Bedford Charter employs 60 drivers, some of whom have worked for the company for more than 20 years, Miles said. “We consider ourselves as really lucky. The drivers are wonderful, considerate, hard-working, loyal, and they really fall in love with the kids and their families.”

Daisy Girifalco, proprietor of the Bedford Children’s Center on Concord Road, said she is operating with a full staff of 21 – but it wasn’t easy. “We were getting concerned and all of a sudden a couple of people came through for us,” she related. “We had offered a couple of jobs and they fell off the face of the earth. A lot of people don’t show up for interviews. How do you teach somebody common courtesy?”

Girifalco said she recognizes a lack of professionalism because she worked as a recruiter for almost 30 years. “It’s a matter of casting your net wide and getting really creative with hiring and offering referral bonuses – good people know good people,” she explained. “The key is being proactive and being creative.” Let friends and acquaintances know what you need, she added, because then “everyone is a recruiter.”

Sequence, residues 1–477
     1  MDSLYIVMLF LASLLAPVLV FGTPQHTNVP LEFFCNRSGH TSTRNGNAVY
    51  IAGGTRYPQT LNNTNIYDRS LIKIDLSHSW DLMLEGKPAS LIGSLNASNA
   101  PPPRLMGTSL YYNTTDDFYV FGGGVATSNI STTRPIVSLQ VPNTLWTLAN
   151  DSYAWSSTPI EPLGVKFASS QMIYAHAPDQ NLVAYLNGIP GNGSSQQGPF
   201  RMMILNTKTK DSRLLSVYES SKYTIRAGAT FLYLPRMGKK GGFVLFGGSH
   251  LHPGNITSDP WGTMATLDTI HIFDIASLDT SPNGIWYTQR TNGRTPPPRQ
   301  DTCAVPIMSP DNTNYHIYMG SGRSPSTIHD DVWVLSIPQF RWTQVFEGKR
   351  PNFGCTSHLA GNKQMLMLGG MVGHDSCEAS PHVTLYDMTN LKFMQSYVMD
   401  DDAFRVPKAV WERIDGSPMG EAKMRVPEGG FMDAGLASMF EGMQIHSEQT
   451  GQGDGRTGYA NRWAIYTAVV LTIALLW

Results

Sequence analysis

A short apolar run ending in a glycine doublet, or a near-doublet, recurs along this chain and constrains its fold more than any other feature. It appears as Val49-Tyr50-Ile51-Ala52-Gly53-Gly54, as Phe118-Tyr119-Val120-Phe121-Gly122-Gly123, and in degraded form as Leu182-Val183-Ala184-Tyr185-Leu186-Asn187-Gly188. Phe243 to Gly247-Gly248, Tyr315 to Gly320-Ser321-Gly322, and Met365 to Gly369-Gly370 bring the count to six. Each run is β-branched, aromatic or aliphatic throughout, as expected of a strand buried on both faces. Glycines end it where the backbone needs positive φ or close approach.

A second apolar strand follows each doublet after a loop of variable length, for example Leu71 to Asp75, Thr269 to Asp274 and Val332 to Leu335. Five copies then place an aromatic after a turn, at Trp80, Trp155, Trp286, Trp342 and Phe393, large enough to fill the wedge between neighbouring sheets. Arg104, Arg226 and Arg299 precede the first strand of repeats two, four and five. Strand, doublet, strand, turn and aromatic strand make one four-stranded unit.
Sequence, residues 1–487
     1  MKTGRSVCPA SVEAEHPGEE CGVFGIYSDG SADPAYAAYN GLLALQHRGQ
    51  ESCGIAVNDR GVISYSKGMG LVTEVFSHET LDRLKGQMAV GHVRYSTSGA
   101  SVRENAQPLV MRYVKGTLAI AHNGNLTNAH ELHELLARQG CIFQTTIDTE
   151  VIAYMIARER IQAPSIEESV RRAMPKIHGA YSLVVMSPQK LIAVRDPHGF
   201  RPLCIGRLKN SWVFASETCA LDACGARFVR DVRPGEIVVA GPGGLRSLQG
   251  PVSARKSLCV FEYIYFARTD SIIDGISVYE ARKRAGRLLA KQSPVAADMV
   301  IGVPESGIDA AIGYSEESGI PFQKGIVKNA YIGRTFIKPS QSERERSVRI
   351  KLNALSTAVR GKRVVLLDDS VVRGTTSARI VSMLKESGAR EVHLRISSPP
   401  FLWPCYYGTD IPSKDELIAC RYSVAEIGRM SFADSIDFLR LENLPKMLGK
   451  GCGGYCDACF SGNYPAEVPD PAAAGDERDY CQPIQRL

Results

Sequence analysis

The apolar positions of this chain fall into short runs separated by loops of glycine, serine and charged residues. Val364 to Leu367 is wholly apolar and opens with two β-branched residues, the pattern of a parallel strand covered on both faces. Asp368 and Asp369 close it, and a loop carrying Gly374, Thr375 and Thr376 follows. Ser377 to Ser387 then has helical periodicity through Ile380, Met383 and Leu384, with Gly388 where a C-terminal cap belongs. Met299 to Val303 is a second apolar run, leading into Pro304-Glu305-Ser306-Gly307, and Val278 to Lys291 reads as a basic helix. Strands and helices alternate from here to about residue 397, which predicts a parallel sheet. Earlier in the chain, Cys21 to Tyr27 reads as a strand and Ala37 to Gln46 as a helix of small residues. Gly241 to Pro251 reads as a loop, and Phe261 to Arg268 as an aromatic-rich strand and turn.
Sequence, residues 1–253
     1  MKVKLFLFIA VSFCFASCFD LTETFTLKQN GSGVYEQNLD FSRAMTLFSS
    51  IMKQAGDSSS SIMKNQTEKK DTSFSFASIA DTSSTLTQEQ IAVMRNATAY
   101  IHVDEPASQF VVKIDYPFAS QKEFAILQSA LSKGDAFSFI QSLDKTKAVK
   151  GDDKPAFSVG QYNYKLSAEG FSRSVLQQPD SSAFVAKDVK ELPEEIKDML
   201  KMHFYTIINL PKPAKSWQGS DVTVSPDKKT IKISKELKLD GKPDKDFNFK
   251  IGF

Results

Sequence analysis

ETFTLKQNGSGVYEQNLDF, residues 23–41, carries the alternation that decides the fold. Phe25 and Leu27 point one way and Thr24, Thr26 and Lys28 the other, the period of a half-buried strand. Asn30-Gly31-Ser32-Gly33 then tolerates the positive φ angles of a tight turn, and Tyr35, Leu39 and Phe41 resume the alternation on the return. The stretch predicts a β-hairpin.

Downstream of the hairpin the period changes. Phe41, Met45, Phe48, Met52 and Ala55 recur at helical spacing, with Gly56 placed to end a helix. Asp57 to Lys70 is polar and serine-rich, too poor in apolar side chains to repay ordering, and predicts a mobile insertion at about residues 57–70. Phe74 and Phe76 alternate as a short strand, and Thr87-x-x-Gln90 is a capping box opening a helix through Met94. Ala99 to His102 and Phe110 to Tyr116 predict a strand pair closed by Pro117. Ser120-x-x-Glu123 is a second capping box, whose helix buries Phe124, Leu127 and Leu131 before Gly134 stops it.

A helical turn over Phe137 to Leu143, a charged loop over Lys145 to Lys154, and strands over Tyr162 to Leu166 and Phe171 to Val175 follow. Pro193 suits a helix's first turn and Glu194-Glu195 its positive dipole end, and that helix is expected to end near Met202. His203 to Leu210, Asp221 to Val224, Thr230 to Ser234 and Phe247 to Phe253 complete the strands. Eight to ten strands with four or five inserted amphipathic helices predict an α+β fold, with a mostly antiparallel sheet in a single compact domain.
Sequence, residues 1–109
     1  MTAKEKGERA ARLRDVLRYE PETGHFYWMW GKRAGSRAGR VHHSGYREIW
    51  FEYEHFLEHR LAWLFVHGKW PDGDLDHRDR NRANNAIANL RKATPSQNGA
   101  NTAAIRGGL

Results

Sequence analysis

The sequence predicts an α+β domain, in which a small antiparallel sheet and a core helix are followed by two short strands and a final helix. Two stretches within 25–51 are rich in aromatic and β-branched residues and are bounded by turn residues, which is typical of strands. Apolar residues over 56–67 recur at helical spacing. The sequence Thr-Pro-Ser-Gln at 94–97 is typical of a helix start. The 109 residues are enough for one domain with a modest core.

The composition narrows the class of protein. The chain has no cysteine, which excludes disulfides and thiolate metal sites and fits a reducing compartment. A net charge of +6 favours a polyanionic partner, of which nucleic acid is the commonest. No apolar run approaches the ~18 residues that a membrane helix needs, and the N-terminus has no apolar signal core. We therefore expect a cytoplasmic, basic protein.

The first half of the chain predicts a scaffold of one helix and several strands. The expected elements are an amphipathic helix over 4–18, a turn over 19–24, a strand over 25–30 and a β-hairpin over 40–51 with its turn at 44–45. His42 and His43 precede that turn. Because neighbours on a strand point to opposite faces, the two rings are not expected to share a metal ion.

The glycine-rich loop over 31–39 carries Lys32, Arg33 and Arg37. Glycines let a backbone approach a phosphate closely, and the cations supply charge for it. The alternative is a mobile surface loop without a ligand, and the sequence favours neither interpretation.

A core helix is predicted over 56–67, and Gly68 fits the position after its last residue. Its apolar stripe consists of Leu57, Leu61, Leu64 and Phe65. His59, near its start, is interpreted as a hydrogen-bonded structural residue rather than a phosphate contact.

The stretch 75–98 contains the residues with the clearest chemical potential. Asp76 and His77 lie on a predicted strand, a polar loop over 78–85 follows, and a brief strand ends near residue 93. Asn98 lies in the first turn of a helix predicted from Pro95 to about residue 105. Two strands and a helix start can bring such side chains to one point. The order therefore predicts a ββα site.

A manager at Lincoln Liquors in the Bedford Marketplace, who didn’t want to be named, said the store is fully staffed, although other outlets in the seven-store chain are still looking for help.

Mike Rosenberg can be reached at mike@thebedfordcitizen.org, or 781-983-1763


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2 Comments

  1. I wish that each of the business owners complaining about unemployment benefits keeping workers sitting around at home had included some information about the pay and benefits they’re offering…